Maybe you are listening, though, and the person is experiencing something difficult to convey or you’re just not getting it. There is a lot of research to indicate that physically mirroring someone can help to place you in their state of mind. Keeping in mind that body language can be just as important to the listener as is your pretense, you can try to mirror their stature, position, and facial expressions to kick start motor neuron imitation and get you a little closer to their state of mind.
Which brings us to the cognitive portion of empathy. If you’re someone who readily understands emotions, perhaps this is where you have difficulties. I know it often is for me. This is the point at which I often step back from the person with whom I should be empathizing and instead consider their feelings from my own POV. I shouldn’t do it and neither should you.
This is a strange point for me because I often find it effortless to empathize with fictional characters or far off/abstract people while I have to make an effort to empathize with the person right in front of me, often a loved one. The issue, I think, may be a mixture of burnout and frame of reference. Burnout because this is a person with whom I engage regularly, while the Other, the character, the person in Australia is in a different part of the world, I don’t know them, and I’m willing to allow for a lot more variance in lifestyle and emotion. The frame of reference follows immediately, because when someone is of the same culture, location, age, perhaps even sex and gender, it can be much easier to think that they see the world much as you do and thus your response might work for them. This presupposes too much, including the idea that you own Theory of Mind is mirrored by theirs. So very much goes into understanding the mind of another and assuming that it is like your own is an almost sure-fire way of missing the mark.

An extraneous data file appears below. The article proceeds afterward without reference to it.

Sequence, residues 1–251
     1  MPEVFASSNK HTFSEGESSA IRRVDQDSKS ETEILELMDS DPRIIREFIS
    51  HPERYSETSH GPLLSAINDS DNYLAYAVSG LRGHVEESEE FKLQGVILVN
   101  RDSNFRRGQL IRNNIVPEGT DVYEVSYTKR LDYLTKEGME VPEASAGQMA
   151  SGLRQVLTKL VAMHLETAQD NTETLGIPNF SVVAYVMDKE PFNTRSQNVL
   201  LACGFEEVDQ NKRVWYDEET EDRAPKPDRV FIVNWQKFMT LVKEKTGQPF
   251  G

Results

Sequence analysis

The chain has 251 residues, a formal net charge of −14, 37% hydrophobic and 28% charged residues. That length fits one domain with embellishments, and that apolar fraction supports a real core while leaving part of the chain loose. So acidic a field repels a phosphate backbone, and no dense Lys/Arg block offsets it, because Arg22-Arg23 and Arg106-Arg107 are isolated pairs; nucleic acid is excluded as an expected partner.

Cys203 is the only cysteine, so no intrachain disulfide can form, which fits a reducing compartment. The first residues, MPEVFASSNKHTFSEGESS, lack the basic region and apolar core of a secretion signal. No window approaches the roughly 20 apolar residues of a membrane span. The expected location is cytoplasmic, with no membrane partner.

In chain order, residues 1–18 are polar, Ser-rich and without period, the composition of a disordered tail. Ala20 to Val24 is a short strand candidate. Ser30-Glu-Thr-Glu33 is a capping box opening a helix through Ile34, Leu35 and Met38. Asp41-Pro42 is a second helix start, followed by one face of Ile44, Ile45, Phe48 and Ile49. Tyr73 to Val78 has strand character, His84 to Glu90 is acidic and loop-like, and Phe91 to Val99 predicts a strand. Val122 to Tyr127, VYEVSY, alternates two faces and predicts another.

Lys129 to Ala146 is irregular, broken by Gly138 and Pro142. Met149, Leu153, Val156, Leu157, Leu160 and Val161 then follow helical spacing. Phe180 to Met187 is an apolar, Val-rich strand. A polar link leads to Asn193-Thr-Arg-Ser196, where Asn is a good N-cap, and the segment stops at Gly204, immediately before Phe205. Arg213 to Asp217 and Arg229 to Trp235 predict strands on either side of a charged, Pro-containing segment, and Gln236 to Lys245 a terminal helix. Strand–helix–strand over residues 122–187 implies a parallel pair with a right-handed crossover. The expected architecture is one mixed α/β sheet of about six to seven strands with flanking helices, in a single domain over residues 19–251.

To be sure, these things are neither automatic nor necessarily easy. There is a good deal of research to support a predisposition towards empathy and just as much to assert there is not. We often find gender differences only to turn around and find that we’ve measured the wrong part in emotional response or that we’ve only tested for social, rather than innate, attitudes. It seems the better approach may be empathy as skill, regardless of how well one empathizes to begin with. Perhaps the more intelligent approach is to work actively at empathizing so that, in the best case, you only get better with time and in the worst, you are making progress towards engaging people in a helpful, hopeful, and kind manner.